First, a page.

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What Governor Cuomo’s Dilemma Means for Legal Weed in New York

In recent weeks, several women have come forward to detail sexual assault and harassment claims against New York Governor Andrew Cuomo. Cuomo has a longstanding reputation as a bully. Many political rivals have accused him of this, but these latest allegations are more troubling than the Governor standing at a podium and delivering acerbic remarks about those with whom he disagrees.

This could mean the end of Cuomo’s political career, but so far, he’s fighting back against his accusers. Politics are Cuomo’s life, and he won’t go down without a fight. What’s interesting to think about is what this means for his constituents, particularly those clamoring for legal recreational marijuana.

The Allegations

If you’re up against false allegations, as Cuomo claims he is, then hopefully, the truth will come out. The accusers will have to recant if there’s no physical evidence to back up their claims, or at least their accusations will not have long-term consequences.

On the other hand, if the evidence indicates that what the accusers say is true, then that can and should have an impact on the individual who perpetrated those actions. In Cuomo’s case, the evidence seems to be mounting that he did at least some of what his accusers allege.

The accusations range from inappropriate sexual questions to unwanted touching. One woman even alleges that Cuomo kissed her without her consent. That crosses the line from sexual harassment to assault, and the legal system has to take it seriously.

Obviously, a forced kiss isn’t as bad as rape or something along those lines, but it’s still abhorrent behavior. If Cuomo is guilty of it, he should resign. The difficulty will be in proving definitively that he did what these women allege.

What Does This Have to Do with Legal Weed?

This is where legal weed comes in. New York is lagging behind several other nearby states that have already legalized recreational marijuana.

New Jersey legalized recently and should enjoy a tax revenue infusion. New York could sure use one as well, especially since the coronavirus has decimated the economy statewide.

Legal weed will allow people in New York State who want to get high to do so. However, it will also help the individuals who suffer from various conditions, but who for one reason or another cannot get a medical dispensation, to smoke or ingest edibles.

Governor Cuomo was against legal recreational weed for a long time. He was fighting against the tide, though. Even if he might find the whole issue distasteful to talk about, he had to know that more people wanted this than didn’t. If he fought against it, he would probably lose when the next election came up.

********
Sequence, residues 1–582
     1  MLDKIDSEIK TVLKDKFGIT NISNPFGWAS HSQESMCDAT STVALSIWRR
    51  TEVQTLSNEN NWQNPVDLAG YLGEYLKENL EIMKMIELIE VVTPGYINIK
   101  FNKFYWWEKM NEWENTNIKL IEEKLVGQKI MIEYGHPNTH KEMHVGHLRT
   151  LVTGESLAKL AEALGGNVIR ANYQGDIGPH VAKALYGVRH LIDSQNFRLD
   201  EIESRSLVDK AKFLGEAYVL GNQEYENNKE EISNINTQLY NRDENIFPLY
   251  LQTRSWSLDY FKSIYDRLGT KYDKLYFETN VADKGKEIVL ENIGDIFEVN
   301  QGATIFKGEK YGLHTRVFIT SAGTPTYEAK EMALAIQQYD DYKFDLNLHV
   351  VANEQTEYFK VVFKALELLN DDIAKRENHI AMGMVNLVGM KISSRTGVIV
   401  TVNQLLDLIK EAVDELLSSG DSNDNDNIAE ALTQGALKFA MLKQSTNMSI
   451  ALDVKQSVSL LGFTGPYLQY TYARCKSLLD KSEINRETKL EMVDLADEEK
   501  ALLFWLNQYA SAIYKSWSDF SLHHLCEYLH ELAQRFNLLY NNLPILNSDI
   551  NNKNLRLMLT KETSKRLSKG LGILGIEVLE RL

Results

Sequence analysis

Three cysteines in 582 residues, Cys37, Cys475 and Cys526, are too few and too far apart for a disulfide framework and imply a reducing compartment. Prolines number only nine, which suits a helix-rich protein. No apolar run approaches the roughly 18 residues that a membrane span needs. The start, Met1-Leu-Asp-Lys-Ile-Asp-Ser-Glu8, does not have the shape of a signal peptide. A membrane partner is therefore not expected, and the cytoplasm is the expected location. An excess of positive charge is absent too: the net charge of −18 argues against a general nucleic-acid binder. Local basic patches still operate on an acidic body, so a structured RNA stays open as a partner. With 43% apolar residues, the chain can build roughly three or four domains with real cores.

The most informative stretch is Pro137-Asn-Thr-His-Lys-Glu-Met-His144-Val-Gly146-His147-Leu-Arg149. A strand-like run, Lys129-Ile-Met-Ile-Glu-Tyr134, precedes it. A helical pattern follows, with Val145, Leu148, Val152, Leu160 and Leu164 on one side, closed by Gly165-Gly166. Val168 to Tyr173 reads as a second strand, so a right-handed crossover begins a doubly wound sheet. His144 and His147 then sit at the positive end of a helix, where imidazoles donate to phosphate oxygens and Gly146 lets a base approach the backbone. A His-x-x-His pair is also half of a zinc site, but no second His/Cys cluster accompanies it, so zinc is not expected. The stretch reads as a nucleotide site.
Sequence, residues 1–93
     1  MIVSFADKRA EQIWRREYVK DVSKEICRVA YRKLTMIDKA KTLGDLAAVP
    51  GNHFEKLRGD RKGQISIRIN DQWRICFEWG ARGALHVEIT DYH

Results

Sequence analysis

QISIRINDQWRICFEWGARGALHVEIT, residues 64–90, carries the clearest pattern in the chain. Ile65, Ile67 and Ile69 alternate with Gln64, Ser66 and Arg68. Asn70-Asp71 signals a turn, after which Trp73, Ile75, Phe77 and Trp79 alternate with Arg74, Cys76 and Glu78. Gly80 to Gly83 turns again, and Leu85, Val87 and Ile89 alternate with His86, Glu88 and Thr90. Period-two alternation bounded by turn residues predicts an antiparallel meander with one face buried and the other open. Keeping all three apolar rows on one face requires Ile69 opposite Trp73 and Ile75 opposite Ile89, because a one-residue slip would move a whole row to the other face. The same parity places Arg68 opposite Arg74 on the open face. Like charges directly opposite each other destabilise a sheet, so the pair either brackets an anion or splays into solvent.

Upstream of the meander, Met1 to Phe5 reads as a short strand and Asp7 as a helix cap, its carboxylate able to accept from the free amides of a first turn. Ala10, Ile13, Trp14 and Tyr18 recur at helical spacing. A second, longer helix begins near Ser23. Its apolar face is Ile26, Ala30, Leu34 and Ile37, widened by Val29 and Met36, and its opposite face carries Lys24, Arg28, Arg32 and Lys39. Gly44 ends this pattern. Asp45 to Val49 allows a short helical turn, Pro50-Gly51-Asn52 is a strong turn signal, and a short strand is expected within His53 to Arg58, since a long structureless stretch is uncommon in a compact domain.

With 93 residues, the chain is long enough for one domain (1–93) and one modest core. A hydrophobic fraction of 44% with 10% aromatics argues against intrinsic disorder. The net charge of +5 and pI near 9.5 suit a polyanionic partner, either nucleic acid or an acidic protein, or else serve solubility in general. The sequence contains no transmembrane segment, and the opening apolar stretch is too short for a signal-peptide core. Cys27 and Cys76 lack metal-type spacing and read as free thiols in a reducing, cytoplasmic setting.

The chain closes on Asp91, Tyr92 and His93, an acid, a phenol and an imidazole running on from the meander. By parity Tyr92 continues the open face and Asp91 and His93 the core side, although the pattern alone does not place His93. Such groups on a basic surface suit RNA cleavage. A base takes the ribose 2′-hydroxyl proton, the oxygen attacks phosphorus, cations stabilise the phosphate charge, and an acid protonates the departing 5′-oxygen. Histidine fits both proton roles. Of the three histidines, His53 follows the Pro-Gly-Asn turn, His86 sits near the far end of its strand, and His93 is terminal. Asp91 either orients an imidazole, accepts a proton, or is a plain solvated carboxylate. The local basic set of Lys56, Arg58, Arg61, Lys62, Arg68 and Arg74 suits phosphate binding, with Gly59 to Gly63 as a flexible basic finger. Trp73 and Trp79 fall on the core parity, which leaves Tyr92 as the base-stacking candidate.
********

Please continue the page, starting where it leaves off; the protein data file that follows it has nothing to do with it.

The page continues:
The Immediate Future

Cuomo issued statements leading into this year indicating that he could support legal weed if New York’s legislative body could draft a bill of which everyone approved. Coming up with one has proven difficult, though. That is because many New York politicians from both up and downstate have put forth different notions for how they might spend the tax money that legal weed will generate.

Now, within the past couple of days, lawmakers and Cuomo have drafted a bill that it seems everyone can get behind. In the coming week, legislative votes should occur.

This could mean that people who want to party on the weekends can do so. More importantly, though, communities of color that face disproportionate arrest stats for marijuana possession will start to see a movement toward equality.

It’s not surprising that Cuomo should choose this moment to agree with a legal weed bill where he had been tepid toward previous ones. He badly needs a slam-dunk political win right now, and this should be a big one for him.

The question is whether the Governor might use the momentum from this achievement to hold off the wolves that are baying for his resignation. It’s not that legal weed has any direct impact on his guilt, but if he can crow about a political achievement, he probably feels like he might be able to rekindle at least a little public support.

Since there does not seem to be direct sexual assault or harassment evidence other than hearsay, it’s possible that Cuomo can weather this storm. With pressure mounting, though, maybe the Governor will admit defeat at some point and resign. All New York and the rest of the country can do is stay tuned and find out.

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